In one aspect, the increase in Tm of the second material is performed by evaporation.
 In another aspect, the increase in Tm of the second material is performed by migration of a melting point lowering substance, typically into the matrix-forming material. By using the migration deactivation procedure the melting point lowering substance will not create waste--that will need special attention and thereby increase production cost. Also, to account for the added plasticiser in the matrix-forming material, this material is provided with less plasticiser than should be in the final product. As a result, the matrix-forming material is harder (has an even higher Tm) during assembly, which further eases the assembly and increases the difference in Tm.
 In yet another aspect of the method of the invention, the increase in Tm of the second material is obtained by inducing reaction between two components of a reactive polymer system in the second material. An example thereof is polymerisation by light preferably controlled with an activator. Another example is polymerisation controlled by a cross-linker.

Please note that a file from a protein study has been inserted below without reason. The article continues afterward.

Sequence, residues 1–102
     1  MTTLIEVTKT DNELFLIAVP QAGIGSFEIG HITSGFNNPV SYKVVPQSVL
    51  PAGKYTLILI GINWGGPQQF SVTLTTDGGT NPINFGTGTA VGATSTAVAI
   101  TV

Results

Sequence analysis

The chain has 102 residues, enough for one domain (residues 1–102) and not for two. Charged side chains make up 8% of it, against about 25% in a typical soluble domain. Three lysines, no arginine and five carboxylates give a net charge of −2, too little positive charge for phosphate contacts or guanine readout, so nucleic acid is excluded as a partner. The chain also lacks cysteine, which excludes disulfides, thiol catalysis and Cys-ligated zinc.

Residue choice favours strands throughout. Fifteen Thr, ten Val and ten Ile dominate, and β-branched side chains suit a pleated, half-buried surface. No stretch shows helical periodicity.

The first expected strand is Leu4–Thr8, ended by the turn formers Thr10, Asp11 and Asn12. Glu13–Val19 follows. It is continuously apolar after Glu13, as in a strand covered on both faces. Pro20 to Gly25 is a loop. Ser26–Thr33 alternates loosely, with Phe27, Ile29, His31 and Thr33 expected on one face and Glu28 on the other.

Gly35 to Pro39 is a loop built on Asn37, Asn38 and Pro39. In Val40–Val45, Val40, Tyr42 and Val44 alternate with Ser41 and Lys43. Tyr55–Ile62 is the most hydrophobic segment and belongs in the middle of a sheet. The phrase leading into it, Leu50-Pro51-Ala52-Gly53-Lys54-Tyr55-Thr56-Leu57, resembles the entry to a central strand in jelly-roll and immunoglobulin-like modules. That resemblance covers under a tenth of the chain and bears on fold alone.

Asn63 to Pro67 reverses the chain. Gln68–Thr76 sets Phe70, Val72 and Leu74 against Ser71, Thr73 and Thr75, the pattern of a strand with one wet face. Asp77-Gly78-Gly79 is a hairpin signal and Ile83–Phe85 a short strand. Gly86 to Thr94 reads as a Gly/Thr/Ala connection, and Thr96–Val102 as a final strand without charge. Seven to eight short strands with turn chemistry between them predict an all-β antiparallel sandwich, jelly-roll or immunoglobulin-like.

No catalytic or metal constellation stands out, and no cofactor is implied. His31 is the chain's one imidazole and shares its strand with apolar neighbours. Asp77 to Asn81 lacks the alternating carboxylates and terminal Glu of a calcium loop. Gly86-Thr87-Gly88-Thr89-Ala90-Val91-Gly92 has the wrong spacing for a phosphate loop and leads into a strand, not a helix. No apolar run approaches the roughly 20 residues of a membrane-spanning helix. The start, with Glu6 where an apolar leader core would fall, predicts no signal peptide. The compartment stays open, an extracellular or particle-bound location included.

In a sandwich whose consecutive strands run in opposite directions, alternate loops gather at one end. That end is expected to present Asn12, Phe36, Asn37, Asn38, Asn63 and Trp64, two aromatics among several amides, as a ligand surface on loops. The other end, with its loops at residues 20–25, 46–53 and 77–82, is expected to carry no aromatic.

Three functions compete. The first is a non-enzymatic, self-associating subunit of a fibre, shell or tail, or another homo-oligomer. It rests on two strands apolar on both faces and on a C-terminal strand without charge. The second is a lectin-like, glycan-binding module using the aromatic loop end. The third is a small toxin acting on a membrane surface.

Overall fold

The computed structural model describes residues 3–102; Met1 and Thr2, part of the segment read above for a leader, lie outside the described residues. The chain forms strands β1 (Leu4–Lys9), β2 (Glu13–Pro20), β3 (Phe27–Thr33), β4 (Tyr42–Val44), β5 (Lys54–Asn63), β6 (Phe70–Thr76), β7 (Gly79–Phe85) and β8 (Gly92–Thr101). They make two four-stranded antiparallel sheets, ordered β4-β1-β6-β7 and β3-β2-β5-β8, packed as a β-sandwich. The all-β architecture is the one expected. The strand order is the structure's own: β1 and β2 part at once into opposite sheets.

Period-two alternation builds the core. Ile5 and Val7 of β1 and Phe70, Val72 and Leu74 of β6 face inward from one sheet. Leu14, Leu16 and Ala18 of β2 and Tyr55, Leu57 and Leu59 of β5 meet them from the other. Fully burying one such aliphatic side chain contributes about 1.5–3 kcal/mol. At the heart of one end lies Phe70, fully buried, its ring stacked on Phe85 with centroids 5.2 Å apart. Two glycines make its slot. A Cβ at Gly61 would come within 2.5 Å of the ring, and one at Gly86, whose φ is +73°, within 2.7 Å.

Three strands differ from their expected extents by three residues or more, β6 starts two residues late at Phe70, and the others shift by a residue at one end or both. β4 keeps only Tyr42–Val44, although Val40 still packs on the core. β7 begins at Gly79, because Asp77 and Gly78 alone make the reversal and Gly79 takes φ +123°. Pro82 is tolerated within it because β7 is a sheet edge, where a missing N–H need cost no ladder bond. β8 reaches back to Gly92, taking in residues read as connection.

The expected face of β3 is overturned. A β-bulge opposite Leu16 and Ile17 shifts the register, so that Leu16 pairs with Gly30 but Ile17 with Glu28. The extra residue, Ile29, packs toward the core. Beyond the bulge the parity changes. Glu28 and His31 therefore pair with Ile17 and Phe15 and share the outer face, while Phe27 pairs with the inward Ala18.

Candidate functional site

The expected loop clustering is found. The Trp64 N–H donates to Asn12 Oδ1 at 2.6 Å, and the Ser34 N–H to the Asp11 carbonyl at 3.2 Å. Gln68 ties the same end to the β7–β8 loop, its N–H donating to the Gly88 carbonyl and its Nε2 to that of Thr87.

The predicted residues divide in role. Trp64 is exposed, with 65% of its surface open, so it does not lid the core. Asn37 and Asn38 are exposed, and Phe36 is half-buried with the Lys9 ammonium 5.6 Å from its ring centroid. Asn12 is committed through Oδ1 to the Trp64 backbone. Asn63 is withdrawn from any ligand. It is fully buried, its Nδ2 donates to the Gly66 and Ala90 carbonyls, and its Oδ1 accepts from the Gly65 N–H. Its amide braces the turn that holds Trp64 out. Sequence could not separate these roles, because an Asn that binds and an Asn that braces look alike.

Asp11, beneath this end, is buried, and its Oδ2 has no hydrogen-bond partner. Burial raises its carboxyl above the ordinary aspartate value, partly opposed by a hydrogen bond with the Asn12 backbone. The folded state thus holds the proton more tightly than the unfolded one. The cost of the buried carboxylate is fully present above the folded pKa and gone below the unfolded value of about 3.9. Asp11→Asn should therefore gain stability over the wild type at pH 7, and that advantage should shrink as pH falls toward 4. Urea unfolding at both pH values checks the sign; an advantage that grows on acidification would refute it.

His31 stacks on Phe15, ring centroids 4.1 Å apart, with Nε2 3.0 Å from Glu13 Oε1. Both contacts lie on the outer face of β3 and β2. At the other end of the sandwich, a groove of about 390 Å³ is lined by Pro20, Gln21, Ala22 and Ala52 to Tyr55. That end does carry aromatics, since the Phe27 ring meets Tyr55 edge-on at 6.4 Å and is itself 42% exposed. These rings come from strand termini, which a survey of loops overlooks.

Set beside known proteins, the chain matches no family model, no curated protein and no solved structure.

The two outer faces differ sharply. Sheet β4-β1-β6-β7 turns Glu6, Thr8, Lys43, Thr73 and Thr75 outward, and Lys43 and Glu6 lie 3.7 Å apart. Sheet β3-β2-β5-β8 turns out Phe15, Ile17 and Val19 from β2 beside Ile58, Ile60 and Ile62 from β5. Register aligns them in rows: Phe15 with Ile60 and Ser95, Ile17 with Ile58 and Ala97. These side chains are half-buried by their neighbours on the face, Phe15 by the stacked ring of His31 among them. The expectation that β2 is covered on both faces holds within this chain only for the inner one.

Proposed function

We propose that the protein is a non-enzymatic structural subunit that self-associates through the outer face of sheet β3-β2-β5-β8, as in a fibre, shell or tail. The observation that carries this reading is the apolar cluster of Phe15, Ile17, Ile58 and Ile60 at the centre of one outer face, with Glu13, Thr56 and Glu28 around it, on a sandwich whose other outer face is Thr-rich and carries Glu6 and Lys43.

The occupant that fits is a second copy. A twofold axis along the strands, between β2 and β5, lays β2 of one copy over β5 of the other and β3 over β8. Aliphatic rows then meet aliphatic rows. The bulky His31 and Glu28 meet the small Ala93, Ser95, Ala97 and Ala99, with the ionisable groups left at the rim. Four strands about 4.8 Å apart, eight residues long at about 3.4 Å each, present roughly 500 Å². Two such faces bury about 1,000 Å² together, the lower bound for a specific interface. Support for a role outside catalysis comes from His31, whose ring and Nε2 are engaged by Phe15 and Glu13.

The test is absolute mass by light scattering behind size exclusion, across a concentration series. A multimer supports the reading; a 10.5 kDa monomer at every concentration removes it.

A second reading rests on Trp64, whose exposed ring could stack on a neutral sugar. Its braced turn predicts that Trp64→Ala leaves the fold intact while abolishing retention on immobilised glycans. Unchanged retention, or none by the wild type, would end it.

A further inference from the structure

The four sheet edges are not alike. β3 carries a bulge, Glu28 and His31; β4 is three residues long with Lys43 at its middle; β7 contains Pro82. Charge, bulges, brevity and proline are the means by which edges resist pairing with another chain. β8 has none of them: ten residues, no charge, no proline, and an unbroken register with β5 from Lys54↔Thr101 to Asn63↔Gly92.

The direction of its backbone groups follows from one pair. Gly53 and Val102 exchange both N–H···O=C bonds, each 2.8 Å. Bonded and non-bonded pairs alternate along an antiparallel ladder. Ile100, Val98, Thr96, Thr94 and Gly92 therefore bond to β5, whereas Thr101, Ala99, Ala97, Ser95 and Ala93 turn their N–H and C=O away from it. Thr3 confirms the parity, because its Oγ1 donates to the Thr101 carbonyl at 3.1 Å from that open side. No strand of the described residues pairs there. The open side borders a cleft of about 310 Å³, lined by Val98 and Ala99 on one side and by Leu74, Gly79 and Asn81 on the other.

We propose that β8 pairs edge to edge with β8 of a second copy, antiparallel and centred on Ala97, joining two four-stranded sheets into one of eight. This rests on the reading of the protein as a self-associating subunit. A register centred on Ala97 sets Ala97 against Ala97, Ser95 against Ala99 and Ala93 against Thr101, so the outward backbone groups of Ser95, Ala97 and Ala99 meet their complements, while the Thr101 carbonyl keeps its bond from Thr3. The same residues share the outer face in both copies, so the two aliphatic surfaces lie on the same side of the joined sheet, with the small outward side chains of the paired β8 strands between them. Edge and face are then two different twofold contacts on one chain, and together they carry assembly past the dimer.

A particular preferred embodiment uses a combination of some of the above techniques. Here, the second material comprises component B of a two component reactive system.
 This two component reactive system will polymerise when present together typically aided by heat or light. Component A of the two component reactive system is placed in the matrix material, but this component A is of low molecular weight and is highly soluble in the second material. Thus, when the second material is placed in the holes of the first material, component A will migrate from the matrix material into the second material, and the polymerisation can be initialised. This system provides freedom in the product process. Despite that the polymerisation of a two component system is aided by heat or light, a spontaneous polymerisation takes place. This spontaneous polymerisation limits the storage time of the second component. By keeping components A and B separate until polymerisation is appropriate, that is when the holes of the matrix material are filled with the second material, the storage time of the second material is increased. A similar effect is obtained if the reactive components A and B are placed in the hole material and a needed catalyst is placed in the matrix, where the catalyst migrates to the hole material and catalyses a reaction that increases Tm of the hole material.